Detectives who are earthbound depend on fingerprints to solve their cases. At present, astronomers can execute the same, with the help of “light-fingerprints” in the place of skin grooves to bring to light the mysteries of exoplanets.
Scientists from the Cornell University have developed a reference catalog with the help of calibrated spectra and geometric albedos (the light reflected by a surface) of 19 of the most distinctive bodies in our solar system: all eight planets, from rocky to gaseous; two dwarf planets, one in the asteroid belt (Ceres) and one in the Kuiper belt (Pluto); and nine moons, from frozen to lava spewing.
Comparison of the observed spectra and albedos of exoplanets with this catalog of our own home planetary system will enable researchers to characterize them with respect to the broad array of rocky, icy, and gaseous realms in our home system.
The paper titled “A Catalog of Spectra, Albedos and Colors of Solar System Bodies for Exoplanet Comparison” was published online in the Astrobiology journal on July 31, 2018, and will be featured on the print edition’s cover in December.
We use our own solar system and all we know about its incredible diversity of fascinating worlds as our Rosetta Stone. With this catalog of light-fingerprints, we will be able to compare new observations of exoplanets to objects in our own solar system—including the gaseous worlds of Jupiter and Saturn, the icy worlds of Europa, the volcanic world of Io and our own life-filled planet.
Lisa Kaltenegger, Associate Professor of astronomy & Director of the Carl Sagan Institute
The catalog is freely available on the Carl Sagan Institute website and includes high- and low-resolution versions of the data, which reveals to the astronomers the impact of spectral resolution on the identification of an object. Moreover, the catalog provides examples of the way in which the colors of the 19 solar system models would vary if they orbited stars other than our sun.
Planetary science broke new ground in the ’70s and ’80s with spectral measurements for solar system bodies. Exoplanet science will see a similar renaissance in the near future. The technology to directly collect the light from Earth-sized planets around other stars is currently in a clean room waiting to be assembled and trained on the right target. With the upcoming launch of the James Webb Space Telescope and the current construction of large ground-based telescopes such as the Giant Magellan Telescope and the Extremely Large Telescope, we are entering a new age of observational ability, so we need a reference catalog of all the planets and moons we already know, to compare these new exoplanet spectra to.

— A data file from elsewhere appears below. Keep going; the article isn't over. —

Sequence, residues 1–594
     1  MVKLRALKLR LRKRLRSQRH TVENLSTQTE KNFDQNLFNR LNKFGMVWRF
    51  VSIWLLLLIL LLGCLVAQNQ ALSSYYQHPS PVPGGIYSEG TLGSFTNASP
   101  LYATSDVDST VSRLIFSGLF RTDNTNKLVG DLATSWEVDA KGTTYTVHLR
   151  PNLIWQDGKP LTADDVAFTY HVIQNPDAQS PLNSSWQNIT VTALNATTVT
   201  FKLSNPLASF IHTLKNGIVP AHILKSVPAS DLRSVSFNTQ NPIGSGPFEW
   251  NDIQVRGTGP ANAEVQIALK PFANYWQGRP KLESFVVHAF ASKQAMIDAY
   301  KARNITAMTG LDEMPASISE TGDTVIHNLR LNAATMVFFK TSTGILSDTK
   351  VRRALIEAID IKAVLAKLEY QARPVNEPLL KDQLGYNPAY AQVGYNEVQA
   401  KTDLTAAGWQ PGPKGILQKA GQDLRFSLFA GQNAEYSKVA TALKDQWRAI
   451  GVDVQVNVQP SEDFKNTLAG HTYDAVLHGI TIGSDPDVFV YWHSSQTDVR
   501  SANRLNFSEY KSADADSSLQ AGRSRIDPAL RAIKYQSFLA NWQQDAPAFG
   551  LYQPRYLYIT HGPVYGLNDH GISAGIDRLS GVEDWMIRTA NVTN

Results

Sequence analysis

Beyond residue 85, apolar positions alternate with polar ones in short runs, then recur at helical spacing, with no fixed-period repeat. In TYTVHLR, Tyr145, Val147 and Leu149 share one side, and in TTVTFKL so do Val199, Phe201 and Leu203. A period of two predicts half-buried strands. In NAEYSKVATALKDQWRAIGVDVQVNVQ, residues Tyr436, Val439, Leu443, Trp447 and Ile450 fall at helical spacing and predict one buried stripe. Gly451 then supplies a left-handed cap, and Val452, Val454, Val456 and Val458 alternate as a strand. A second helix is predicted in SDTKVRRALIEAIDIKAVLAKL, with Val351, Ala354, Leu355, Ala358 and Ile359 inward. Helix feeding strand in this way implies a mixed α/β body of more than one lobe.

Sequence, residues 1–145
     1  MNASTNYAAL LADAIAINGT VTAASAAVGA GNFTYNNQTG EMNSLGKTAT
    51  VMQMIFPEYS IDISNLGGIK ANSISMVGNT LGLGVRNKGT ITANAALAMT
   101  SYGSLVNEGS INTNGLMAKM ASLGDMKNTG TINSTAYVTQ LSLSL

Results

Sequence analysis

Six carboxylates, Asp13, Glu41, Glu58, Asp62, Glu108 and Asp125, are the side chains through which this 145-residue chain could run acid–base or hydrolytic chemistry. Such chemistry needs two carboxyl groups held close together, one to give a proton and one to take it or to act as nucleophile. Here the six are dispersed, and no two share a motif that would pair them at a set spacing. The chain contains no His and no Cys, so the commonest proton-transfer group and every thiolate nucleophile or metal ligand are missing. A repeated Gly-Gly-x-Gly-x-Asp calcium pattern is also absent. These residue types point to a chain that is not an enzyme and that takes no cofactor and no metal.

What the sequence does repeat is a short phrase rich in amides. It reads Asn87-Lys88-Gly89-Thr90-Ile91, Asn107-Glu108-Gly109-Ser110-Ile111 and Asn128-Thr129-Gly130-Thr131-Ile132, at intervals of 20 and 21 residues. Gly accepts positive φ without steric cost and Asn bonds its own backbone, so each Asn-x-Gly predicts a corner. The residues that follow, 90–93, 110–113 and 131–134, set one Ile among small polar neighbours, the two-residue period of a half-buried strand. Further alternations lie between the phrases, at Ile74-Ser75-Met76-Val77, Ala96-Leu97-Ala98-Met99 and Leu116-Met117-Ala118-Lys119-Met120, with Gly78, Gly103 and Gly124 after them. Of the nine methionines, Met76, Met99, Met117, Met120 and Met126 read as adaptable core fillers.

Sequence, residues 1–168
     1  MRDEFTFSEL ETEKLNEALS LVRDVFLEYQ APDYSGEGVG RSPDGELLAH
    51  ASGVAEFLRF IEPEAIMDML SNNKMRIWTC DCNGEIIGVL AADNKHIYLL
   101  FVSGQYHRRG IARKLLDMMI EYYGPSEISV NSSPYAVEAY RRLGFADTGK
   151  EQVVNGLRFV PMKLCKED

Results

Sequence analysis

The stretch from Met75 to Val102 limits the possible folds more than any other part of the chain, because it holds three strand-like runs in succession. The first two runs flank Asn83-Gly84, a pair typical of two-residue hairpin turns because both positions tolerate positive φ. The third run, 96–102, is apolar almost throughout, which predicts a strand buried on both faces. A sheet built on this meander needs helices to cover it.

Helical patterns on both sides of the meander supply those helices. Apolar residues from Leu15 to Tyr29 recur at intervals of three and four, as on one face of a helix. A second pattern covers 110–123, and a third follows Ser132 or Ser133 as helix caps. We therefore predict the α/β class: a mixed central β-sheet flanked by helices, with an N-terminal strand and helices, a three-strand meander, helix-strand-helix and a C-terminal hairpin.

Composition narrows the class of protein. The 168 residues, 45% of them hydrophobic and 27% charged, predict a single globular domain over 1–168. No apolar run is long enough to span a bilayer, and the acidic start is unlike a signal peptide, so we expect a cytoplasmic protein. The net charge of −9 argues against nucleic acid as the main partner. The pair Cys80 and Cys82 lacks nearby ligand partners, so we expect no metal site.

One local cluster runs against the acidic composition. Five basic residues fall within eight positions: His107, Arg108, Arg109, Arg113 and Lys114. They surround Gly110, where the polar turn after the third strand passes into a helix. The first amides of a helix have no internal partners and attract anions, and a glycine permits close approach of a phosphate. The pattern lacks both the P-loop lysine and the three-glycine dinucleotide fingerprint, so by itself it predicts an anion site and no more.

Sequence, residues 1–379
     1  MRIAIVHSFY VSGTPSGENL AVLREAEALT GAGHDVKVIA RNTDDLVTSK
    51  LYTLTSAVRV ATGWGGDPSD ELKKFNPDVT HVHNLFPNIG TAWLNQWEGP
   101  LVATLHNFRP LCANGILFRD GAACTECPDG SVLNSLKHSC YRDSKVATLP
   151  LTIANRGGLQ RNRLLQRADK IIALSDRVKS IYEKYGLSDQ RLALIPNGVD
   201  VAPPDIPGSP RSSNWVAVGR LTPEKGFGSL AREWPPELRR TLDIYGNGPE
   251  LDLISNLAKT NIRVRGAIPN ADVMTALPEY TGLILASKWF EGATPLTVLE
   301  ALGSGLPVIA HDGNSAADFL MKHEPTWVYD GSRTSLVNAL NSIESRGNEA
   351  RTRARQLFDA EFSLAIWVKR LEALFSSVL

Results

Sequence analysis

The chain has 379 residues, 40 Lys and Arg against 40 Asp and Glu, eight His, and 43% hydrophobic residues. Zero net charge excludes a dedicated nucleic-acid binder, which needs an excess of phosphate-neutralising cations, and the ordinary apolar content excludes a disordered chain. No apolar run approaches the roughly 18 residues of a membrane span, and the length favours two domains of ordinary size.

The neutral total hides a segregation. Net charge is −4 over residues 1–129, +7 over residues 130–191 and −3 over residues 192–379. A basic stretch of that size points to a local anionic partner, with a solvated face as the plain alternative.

Jack Madden, Lead Author
The catalog will allow researchers to give precedence to time-intensive, high-resolution observations of extrasolar planets and moons. It will also allow them to understand the kind of realms that will not be very easy to categorize in the absence of high-resolution spectra. For instance, although Venus is a rocky planet, sunlight is reflected from its dense carbon dioxide atmosphere instead of its rocky surface, hence the colors observed by astronomers from such a planet are analogous to those of an icy world. On the outer edge of the habitable zone, it is possible that rocky exoplanets will have dense atmospheres similar to Venus. Such realms will necessitate long observations for correct characterization.
“Examining our solar system from the vantage point of a distant observer is an illuminating exercise,” stated Madden.
“By unraveling the mysteries of the objects in our own solar system we can glimpse the secrets of these new worlds we are finding,” stated Kaltenegger.